You’re one of those “this is a walking simulator” guys, aren’t you

  17. Premium User Badge

    noggin says:

    Being an utter nobody in The World of PC Gaming I’ve had to wait years to play Nidhogg. I knew I would love it, and I do. I love it to death!

    Graham’s intuition about the AI opponents is spot on: pressing 0 (zero) during a single player game brings up a little console at the top right with the opponent’s “name” which is also an insight into their preferred fighting style e.g. first opponent is AICHARNODIVEKICK, second is AICHARNOTHROW etc.

    The console also shows WHAT THE AI CHARACTER IS THINKING from moment to moment which is quite remarkable. Mostly they are thinking about killing you.

  18. The Random One says:

    This is why I come to RPS: for its elaborate butter metaphors.

  19. RagingLion says:

    I am loving Nidhogg. I’ve been having late night sessions with my housemate for the last few days and its great!

    I was thinking of it in comparison to Street Fighter myself and this totally has everything I need to make a game of that ilk something I can get into – I in theory would love to play fighting games and get something fromt hem but I can’t contain all the option nor executions in my head or thumbs. In Nidhogg I know all the moves I can pull and can choose between them at any moment – it’s also got to the point of becoming ‘feel’ rather than being something that requires thought through mental machinations before actually carrying out and I get hung up on that of things when there’s any amount of complexity to the actions. All that means it becomes about the mind games with the other player and so far each play session has been unique. The strategy I using so destructively 2 nights ago (the low sliding attack) was being anticipated that much more last night and meant I needed to change it up with more dive kicks and proper fencing. And I still feel like I can compartmentalise different individual skills within the game and feel like I can get better at each of them.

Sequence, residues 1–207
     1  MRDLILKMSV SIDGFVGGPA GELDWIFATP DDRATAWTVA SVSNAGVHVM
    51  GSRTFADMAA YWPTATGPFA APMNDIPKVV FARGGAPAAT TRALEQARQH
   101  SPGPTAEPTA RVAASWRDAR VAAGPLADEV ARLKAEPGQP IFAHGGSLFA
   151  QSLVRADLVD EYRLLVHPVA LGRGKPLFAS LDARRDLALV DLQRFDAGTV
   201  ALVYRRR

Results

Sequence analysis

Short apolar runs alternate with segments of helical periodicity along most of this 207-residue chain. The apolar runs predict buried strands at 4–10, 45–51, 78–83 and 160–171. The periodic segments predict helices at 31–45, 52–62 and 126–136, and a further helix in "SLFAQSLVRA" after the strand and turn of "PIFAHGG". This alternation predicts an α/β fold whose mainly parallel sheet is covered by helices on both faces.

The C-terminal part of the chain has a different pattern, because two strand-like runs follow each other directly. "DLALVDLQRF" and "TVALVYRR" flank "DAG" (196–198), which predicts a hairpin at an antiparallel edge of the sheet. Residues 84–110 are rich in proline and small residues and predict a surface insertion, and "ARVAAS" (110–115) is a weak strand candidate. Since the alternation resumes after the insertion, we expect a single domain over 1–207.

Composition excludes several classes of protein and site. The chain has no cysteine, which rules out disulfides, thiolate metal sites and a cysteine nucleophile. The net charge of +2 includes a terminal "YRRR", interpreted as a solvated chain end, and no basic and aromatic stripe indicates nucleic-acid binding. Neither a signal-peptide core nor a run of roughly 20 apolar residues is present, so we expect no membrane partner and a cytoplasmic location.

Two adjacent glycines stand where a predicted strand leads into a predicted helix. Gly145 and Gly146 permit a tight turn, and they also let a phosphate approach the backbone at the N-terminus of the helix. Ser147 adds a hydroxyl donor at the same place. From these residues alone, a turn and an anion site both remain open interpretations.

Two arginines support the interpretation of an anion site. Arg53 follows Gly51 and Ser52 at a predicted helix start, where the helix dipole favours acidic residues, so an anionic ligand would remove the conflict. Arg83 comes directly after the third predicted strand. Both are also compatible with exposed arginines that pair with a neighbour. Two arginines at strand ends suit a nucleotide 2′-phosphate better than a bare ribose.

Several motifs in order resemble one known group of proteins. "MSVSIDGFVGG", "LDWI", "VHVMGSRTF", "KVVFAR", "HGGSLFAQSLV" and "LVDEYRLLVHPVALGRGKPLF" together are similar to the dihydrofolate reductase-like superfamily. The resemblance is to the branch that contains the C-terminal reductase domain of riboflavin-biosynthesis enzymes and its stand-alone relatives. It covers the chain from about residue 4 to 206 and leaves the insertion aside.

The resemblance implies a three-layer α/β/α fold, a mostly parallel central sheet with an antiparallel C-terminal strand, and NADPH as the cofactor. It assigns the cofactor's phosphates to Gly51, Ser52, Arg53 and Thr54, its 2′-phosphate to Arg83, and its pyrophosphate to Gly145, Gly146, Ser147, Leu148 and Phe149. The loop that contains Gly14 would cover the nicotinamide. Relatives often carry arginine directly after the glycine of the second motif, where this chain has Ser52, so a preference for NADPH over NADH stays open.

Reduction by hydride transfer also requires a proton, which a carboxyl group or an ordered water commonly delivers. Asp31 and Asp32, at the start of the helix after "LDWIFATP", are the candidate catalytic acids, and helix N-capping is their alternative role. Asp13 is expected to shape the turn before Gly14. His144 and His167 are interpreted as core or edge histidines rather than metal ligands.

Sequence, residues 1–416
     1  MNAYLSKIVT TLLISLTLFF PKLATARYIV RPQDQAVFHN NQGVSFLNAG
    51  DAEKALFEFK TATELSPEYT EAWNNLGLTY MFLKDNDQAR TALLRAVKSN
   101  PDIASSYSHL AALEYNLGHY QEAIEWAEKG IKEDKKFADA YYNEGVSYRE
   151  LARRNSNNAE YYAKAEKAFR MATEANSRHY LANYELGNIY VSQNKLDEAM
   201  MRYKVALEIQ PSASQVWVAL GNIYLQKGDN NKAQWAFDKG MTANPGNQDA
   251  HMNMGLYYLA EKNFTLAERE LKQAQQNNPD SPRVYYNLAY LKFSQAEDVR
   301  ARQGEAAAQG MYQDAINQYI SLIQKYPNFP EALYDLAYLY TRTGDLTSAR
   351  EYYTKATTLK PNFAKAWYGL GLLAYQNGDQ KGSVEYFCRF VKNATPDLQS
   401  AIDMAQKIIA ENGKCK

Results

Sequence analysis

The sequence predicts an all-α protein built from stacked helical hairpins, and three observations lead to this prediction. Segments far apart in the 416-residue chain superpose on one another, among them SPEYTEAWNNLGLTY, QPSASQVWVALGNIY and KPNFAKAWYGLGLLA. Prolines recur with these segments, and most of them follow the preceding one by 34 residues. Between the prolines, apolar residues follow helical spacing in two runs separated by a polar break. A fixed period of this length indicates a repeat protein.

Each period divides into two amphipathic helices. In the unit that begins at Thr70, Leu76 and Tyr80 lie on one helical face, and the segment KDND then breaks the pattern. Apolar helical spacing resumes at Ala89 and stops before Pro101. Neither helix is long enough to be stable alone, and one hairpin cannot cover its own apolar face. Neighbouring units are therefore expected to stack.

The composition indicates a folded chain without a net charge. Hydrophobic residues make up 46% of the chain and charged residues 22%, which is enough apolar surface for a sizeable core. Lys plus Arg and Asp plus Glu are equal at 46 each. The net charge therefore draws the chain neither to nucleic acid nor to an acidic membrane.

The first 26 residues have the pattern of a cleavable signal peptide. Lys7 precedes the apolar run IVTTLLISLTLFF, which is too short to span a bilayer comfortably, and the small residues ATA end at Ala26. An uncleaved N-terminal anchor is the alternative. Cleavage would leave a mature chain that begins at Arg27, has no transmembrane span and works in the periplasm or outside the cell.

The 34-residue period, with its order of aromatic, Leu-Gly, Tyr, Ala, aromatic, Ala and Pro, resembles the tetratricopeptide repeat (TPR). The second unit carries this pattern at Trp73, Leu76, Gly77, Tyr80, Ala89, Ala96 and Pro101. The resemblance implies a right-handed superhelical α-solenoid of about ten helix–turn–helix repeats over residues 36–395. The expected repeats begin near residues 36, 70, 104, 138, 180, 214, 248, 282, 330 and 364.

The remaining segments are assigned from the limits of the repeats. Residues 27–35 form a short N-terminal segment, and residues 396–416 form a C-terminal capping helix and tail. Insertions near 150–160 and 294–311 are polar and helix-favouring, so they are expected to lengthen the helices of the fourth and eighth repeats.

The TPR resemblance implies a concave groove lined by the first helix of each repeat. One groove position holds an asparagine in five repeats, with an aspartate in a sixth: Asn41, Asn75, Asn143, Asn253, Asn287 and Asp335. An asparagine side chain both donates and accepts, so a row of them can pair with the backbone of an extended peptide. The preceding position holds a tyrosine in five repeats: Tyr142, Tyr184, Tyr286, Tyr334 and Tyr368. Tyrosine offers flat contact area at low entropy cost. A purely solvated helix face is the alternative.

So yeah, it’s a great time.